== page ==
What did it look like when Lincoln and his son Tad watched a game
together? How would a favorite baseball hero look in a beard and
stovepipe hat? Would Lincoln cheer and do the wave if he attended a
Kids can imagine all that or something completely different in their
The deadline for submissions is Dec. 16. Winning entries will go on
display at the presidential museum in February, around the time of
Submissions must be on poster board 14 inches high by 11 inches wide
in portrait orientation (that is, taller than it is wide). They
cannot feature copyrighted characters such as Batman. More details
are available at bit.ly/ALPLMart2016.
Learning history is about more than memorizing dates and taking
tests. Producing art is a great way for students to connect with
historic events and consider their meaning. This art contest
connects to a baseball-themed exhibit the Lincoln Presidential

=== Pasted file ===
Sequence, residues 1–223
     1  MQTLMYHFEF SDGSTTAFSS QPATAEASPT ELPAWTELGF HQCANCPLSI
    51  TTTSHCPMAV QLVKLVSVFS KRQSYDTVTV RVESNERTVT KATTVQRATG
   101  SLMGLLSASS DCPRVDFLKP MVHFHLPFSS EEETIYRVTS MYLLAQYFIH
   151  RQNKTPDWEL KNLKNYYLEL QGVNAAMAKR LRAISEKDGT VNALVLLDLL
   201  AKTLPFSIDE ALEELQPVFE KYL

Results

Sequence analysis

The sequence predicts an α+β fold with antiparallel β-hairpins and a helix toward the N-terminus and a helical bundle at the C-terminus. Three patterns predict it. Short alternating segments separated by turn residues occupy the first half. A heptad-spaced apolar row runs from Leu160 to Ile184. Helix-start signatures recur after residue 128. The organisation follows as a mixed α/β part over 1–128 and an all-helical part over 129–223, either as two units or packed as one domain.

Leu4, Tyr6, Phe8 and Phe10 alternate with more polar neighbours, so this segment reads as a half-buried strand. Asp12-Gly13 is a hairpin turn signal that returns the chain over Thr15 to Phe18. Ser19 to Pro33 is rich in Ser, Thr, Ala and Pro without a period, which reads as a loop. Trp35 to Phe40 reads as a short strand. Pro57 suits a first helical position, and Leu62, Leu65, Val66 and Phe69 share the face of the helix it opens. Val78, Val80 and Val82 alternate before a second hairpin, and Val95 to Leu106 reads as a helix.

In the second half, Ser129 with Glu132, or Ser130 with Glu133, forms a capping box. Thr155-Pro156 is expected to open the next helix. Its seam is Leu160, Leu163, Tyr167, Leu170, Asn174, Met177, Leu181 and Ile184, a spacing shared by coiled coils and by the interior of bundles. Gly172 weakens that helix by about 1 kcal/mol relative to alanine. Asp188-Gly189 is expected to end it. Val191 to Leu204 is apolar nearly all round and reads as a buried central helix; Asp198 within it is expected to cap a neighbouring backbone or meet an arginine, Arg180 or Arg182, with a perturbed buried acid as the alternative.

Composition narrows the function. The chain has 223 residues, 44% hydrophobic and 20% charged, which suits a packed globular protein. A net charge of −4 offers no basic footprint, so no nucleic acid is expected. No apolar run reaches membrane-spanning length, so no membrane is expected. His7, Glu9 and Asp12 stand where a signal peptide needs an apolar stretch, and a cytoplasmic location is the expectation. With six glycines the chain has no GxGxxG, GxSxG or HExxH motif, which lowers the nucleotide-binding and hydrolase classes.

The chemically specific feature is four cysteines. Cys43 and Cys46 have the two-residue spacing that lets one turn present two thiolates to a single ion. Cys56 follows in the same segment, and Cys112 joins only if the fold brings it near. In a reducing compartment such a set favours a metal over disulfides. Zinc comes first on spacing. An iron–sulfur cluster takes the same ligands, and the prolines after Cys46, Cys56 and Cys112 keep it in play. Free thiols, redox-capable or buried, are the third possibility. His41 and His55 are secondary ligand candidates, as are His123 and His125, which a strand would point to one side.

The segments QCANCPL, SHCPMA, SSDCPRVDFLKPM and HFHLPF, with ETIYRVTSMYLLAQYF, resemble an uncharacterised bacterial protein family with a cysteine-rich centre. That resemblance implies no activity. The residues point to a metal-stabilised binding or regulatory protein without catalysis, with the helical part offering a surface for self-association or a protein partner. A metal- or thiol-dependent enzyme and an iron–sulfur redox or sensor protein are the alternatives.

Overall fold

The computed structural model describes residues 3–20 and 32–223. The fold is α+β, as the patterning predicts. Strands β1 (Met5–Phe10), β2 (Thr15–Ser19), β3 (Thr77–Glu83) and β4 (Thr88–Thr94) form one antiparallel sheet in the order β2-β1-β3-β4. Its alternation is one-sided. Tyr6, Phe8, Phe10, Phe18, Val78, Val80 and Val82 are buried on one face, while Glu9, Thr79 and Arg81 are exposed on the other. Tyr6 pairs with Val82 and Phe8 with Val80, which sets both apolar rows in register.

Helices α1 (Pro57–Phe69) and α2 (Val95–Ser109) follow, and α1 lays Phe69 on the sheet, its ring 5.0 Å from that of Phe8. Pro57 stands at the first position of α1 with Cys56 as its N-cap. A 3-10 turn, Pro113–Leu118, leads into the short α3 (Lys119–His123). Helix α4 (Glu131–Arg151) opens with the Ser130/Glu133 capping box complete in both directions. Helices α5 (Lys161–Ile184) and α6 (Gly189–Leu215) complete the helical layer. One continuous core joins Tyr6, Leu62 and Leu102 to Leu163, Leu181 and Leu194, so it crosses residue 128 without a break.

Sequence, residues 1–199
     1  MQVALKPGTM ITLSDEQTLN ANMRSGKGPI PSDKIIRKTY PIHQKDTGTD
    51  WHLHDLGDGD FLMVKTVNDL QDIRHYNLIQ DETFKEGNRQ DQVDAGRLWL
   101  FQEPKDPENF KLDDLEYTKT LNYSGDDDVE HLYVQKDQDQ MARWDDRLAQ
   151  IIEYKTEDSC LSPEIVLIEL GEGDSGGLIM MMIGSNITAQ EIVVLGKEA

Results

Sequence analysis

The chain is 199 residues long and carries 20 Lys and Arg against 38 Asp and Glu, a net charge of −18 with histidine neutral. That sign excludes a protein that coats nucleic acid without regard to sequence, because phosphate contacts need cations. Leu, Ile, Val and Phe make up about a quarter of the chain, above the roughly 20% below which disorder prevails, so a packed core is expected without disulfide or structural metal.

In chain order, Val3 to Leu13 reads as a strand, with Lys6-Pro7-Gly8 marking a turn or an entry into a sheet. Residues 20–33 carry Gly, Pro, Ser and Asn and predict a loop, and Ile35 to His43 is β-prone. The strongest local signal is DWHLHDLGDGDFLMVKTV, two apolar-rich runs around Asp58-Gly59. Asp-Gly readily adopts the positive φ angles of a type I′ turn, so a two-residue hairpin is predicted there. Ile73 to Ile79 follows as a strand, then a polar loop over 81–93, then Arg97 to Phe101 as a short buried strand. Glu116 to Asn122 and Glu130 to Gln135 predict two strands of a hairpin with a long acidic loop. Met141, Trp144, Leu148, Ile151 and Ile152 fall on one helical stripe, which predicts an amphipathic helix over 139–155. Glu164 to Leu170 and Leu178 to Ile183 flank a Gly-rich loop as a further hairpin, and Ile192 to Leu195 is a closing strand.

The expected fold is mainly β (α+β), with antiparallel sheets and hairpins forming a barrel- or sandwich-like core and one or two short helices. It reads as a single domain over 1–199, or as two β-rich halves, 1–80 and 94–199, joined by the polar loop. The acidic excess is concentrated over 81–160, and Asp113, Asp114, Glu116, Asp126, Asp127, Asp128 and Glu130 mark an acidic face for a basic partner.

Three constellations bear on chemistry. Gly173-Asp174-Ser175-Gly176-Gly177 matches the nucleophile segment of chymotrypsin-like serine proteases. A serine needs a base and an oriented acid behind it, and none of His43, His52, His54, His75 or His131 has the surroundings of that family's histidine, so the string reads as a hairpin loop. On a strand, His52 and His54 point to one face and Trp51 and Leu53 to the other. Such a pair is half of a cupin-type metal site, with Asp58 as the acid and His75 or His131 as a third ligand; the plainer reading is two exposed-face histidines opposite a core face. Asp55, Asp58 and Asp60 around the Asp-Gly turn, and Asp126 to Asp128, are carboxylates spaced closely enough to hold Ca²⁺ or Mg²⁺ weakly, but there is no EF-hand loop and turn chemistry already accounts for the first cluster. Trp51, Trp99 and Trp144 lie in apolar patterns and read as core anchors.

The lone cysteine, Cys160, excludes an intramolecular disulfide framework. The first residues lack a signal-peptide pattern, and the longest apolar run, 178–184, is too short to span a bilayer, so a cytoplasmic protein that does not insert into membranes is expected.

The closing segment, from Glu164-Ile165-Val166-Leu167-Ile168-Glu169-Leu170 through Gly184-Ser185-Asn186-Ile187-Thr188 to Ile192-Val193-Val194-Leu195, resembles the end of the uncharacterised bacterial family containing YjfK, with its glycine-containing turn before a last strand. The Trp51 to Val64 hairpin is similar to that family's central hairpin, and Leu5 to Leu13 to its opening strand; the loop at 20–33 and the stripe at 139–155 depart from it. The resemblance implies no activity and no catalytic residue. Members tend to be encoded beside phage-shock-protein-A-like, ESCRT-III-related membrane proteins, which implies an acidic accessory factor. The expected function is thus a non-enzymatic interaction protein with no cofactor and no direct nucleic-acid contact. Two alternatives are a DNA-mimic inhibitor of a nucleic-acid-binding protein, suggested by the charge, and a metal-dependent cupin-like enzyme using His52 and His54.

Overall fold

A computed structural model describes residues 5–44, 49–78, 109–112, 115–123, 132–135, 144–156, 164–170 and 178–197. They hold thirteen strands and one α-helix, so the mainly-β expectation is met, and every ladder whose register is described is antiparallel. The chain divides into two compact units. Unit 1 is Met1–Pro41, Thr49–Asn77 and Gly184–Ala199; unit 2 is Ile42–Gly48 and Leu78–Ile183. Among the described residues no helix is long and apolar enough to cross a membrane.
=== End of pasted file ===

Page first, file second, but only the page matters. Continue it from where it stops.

Library and Museum will host next year.
The contest is open for students from kindergarten through the end
of high school. Winners and honorable mentions will be selected in
three categories: Grades K-5, 6-8 and 9-12.
Lincoln and the Civil War have numerous ties to baseball, or “base
ball” as it was still called back then.
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One amateur team played at a park near the White House, and Lincoln is said to
have watched some games, taking Tad at least once. The war helped make baseball
a national game by introducing it to soldiers who later took it back to their
hometowns. An early editorial cartoon portrayed Lincoln playing baseball with a
bat labeled "equal rights and free territory."
The Abraham Lincoln Presidential Library and Museum, a division of the Illinois
Historic Preservation Agency, is dedicated to telling the story of America’s
16th president through old-fashioned scholarship and modern technology.
The library holds an unparalleled collection of Lincoln books, documents,
photographs, artifacts and art, as well as some 12 million items pertaining to
all aspects of Illinois history. The museum uses traditional exhibits,
eye-catching special effects and innovative story-telling techniques to educate
Director of Communications and Public Affairs
Illinois Historic Preservation Agency]